Lakewood's Jamille Reynolds doesn't need much leaping ability to jump. He's 6-9. [DIRK SHADD | Tampa Bay Times]

Often that comes with force. His dunks usually make rims quiver and send opposing players into duck-and-cover mode.

“The most I’ve ever had in a game is six last year,” Reynolds said. “The most this year, I think, is five. It makes the game fun.”

It also helps to have a coaching staff that has a penchant for putting the ball through the hoop with flair. Lawrence, who starred at Lakewood before going to play at Alabama and Miami, said he had about 50 dunks as a senior with the Spartans in 1988-89.

“My dunks were pretty good, but they were nothing like David White’s,” said Lawrence, referring to his assistant coach. “He’s the man when it comes to dunking. He could put on a show.”

White was a McDonald’s and Parade All-American during his senior season at Boca Ciega in 1987. He went on to play at Florida State.

“I’ll admit, I had some pretty good dunks,” White said.

But the Spartans do not want to be known strictly as a high-jumping, basket-stuffing curiosity who peaks in dunk-offs, then is forgotten once the postseason makes it way to Lakeland for the state final four.

Lakewood reached the state championship game last year and is motivated to get back and win it all.

“We want to dunk, but the biggest thing we want to do is score — and keep on winning,” Tampa said.

Check them out

Want to watch the “Slam Pony Express” in action? Lakewood plays at St. Petersburg High on Friday nigh at 7:45.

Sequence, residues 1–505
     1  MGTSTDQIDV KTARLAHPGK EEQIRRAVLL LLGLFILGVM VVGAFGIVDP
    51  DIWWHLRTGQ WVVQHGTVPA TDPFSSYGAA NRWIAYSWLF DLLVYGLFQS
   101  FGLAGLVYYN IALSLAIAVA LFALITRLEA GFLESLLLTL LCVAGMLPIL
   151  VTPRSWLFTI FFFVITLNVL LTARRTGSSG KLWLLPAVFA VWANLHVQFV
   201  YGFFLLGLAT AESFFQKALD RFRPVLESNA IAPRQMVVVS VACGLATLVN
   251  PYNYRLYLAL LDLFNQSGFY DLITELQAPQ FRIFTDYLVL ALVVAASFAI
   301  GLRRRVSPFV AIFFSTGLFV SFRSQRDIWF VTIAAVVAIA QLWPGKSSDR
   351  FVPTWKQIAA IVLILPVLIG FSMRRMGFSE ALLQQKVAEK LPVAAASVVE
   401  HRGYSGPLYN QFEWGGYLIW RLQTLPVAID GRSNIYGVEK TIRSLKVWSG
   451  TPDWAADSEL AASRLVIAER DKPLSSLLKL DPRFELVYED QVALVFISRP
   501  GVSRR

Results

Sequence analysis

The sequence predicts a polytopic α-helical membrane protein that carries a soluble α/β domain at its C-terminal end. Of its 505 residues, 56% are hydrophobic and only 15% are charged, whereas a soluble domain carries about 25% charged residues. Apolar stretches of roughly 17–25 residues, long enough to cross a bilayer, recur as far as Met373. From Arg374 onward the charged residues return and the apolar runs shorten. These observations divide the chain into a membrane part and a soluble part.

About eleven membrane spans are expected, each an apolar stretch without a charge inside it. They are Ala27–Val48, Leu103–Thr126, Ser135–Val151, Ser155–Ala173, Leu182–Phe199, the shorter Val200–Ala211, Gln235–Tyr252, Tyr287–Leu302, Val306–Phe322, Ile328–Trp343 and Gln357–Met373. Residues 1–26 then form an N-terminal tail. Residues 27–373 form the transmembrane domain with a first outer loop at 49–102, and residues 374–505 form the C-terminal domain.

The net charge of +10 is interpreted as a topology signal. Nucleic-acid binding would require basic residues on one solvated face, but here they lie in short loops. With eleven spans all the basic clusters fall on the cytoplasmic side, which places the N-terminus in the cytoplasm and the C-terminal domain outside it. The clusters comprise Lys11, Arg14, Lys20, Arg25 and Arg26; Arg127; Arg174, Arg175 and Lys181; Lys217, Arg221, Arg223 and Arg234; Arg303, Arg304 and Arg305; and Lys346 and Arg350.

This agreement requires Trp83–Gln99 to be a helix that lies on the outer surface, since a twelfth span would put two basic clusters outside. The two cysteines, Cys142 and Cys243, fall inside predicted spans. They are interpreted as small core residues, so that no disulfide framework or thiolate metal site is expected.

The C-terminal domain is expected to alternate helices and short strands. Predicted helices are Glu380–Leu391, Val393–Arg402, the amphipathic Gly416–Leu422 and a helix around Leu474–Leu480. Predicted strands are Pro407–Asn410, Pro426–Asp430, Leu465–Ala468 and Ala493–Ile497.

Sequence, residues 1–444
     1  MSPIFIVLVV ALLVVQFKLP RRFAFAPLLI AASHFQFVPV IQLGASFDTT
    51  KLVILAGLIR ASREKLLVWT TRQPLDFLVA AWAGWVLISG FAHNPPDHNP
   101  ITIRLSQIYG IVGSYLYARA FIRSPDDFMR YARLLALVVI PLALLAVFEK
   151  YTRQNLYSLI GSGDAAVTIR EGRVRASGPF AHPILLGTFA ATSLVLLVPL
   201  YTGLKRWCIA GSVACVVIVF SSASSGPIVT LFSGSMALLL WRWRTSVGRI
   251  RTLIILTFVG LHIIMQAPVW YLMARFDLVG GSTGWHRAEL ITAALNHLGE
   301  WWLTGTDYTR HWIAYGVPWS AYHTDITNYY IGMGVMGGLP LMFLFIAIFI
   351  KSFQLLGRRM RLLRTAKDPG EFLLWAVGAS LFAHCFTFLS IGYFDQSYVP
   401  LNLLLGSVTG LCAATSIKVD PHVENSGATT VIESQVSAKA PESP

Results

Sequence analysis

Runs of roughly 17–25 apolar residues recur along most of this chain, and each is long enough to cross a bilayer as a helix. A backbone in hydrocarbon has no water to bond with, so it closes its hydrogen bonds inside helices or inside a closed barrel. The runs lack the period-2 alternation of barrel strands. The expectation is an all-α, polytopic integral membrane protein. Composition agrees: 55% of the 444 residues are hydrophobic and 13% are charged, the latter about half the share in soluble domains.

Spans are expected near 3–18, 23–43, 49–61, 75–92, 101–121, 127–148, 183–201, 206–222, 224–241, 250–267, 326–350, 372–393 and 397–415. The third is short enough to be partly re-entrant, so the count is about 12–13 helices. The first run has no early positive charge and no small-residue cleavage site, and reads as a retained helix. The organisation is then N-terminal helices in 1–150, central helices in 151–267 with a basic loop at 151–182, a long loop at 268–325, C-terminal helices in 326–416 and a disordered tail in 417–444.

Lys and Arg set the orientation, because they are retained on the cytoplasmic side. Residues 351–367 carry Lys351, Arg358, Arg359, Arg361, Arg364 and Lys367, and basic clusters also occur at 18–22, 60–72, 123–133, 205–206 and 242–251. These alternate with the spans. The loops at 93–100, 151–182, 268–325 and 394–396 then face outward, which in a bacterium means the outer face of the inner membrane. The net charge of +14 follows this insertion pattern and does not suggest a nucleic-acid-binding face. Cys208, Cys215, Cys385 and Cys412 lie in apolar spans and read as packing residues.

1. Tampa Catholic's Xavier Floyd, left, and goalkeeper Charlie Gembarowski are in the foreground as Fort Lauderdale University players celebrate their Class 3A championship at Spec Martin Stadium in Deland. [OCTAVIO JONES  |  Times]
  2. Shorecrest Prep senior Asher Rovin, who missed most of the regular season after sustaining a concussion, strikes the ball past Tallahassee Maclay's Broedy Poppell (21) in the first half at Spec Martin Stadium in DeLand on Thursday. [OCTAVIO JONES  |  Times]
  3. Plant junior Nyla Jean not only averages double digits in scoring, but she has a knack for stealing the ball from opponents. [SCOTT PURKS  |  Special to the Times]
  4. Carrollwood Day’s Milahnie Perry scores 14 points to lead the Patriots, who get a balanced effort in the Class 3A state semifinals. [SCOTT PURKS  |  Special to the Times]
  5. Shorecrest players hug, cry and console each other after losing to Orange Park St. Johns Country Day in the Class 2A title game at Spec Martin Stadium in DeLand. [WILLIE J. ALLEN JR.  |  Special to the Times]
  6. Points were hard to come by in the first half for forward Jakara Akins, left, and Keswick Christian, which trailed Florida A&M 22-16 at the half of a Class 2A state semifinal Wednesday afternoon. [SCOTT PURKS  |  Special to the Times]
  7. Caitlin Blankenship, along with older sister Brooke, moves on from Academy at the Lakes, which won consecutive state titles, to River Ridge. [SCOTT PURKS  |  Special to the Times]
  8. St. Petersburg boys basketball coach Chris Blackwell, seen here in a game earlier this season, said his team had to utilize freshmen as Tuesday's game at Fort Myers wore on ... and on ... and on for five overtimes. [SCOTT KEELER  |  TAMPA BAY TIMES]
  9. East Lake's Jordan Hillmon, seen here earlier this season, scores a game-high 26 points in Tuesday's region semifinal win. [DIRK SHADD  |  Tampa Bay Times]
  10. Hillsborough junior Jalen Harris, seen here earlier this season, scores 16 points, including two big free throws late, on Tuesday against Lakeland. [SCOTT PURKS  |  Special to the Times]
  11. Bayshore Christian guard Deon Brown leads all scorers with 24 points in a 68-58 victory Tuesday night over Cambridge Christian in a Class 2A region semifinal. [SCOTT PURKS  |  Special to the Times]
  12. Clearwater coach Kris Foote, seen here in a game earlier this season, is happy to have another home game: “We get good crowds, they’ve been pumped up, and home-court advantage is big to keep things as close as possible to routine." [DIRK SHADD  |  Tampa Bay Times]